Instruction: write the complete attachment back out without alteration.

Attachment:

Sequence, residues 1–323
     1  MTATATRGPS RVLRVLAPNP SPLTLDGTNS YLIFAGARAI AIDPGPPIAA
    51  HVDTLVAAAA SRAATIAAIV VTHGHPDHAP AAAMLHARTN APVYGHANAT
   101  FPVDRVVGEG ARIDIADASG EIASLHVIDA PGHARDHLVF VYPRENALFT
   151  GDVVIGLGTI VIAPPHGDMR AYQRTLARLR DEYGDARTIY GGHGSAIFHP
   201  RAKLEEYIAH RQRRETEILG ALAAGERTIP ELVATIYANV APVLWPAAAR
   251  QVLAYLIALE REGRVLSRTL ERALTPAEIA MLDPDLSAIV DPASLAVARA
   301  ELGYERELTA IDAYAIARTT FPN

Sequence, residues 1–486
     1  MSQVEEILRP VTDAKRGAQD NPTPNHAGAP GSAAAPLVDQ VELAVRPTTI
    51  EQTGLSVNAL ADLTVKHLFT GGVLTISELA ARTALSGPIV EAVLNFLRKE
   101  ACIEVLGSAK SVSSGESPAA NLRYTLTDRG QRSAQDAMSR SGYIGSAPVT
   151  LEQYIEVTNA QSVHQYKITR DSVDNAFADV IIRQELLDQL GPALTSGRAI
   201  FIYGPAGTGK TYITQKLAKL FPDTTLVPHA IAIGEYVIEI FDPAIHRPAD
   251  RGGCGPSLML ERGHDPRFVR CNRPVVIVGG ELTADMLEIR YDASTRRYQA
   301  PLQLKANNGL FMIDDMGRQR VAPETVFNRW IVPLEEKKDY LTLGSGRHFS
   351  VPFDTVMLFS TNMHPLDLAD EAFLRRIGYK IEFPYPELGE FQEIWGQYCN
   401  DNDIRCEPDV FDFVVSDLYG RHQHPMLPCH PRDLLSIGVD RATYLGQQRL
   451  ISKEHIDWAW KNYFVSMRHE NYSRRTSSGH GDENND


Sequence, residues 1–323
     1  MTATATRGPS RVLRVLAPNP SPLTLDGTNS YLIFAGARAI AIDPGPPIAA
    51  HVDTLVAAAA SRAATIAAIV VTHGHPDHAP AAAMLHARTN APVYGHANAT
   101  FPVDRVVGEG ARIDIADASG EIASLHVIDA PGHARDHLVF VYPRENALFT
   151  GDVVIGLGTI VIAPPHGDMR AYQRTLARLR DEYGDARTIY GGHGSAIFHP
   201  RAKLEEYIAH RQRRETEILG ALAAGERTIP ELVATIYANV APVLWPAAAR
   251  QVLAYLIALE REGRVLSRTL ERALTPAEIA MLDPDLSAIV DPASLAVARA
   301  ELGYERELTA IDAYAIARTT FPN

Sequence, residues 1–486
     1  MSQVEEILRP VTDAKRGAQD NPTPNHAGAP GSAAAPLVDQ VELAVRPTTI
    51  EQTGLSVNAL ADLTVKHLFT GGVLTISELA ARTALSGPIV EAVLNFLRKE
   101  ACIEVLGSAK SVSSGESPAA NLRYTLTDRG QRSAQDAMSR SGYIGSAPVT
   151  LEQYIEVTNA QSVHQYKITR DSVDNAFADV IIRQELLDQL GPALTSGRAI
   201  FIYGPAGTGK TYITQKLAKL FPDTTLVPHA IAIGEYVIEI FDPAIHRPAD
   251  RGGCGPSLML ERGHDPRFVR CNRPVVIVGG ELTADMLEIR YDASTRRYQA
   301  PLQLKANNGL FMIDDMGRQR VAPETVFNRW IVPLEEKKDY LTLGSGRHFS
   351  VPFDTVMLFS TNMHPLDLAD EAFLRRIGYK IEFPYPELGE FQEIWGQYCN
   401  DNDIRCEPDV FDFVVSDLYG RHQHPMLPCH PRDLLSIGVD RATYLGQQRL
   451  ISKEHIDWAW KNYFVSMRHE NYSRRTSSGH GDENND